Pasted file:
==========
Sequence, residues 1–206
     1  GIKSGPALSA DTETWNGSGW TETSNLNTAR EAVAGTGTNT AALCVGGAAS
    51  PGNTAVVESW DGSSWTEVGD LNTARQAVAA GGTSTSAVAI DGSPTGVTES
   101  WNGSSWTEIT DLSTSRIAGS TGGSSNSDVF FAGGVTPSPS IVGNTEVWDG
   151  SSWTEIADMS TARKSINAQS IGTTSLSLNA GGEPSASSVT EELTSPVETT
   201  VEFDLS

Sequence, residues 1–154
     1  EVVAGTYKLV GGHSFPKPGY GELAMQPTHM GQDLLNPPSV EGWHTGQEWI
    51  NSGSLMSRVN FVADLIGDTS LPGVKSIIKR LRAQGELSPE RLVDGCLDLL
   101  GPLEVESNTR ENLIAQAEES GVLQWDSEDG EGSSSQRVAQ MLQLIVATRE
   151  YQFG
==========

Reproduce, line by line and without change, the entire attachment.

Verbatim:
Sequence, residues 1–206
     1  GIKSGPALSA DTETWNGSGW TETSNLNTAR EAVAGTGTNT AALCVGGAAS
    51  PGNTAVVESW DGSSWTEVGD LNTARQAVAA GGTSTSAVAI DGSPTGVTES
   101  WNGSSWTEIT DLSTSRIAGS TGGSSNSDVF FAGGVTPSPS IVGNTEVWDG
   151  SSWTEIADMS TARKSINAQS IGTTSLSLNA GGEPSASSVT EELTSPVETT
   201  VEFDLS

Sequence, residues 1–154
     1  EVVAGTYKLV GGHSFPKPGY GELAMQPTHM GQDLLNPPSV EGWHTGQEWI
    51  NSGSLMSRVN FVADLIGDTS LPGVKSIIKR LRAQGELSPE RLVDGCLDLL
   101  GPLEVESNTR ENLIAQAEES GVLQWDSEDG EGSSSQRVAQ MLQLIVATRE
   151  YQFG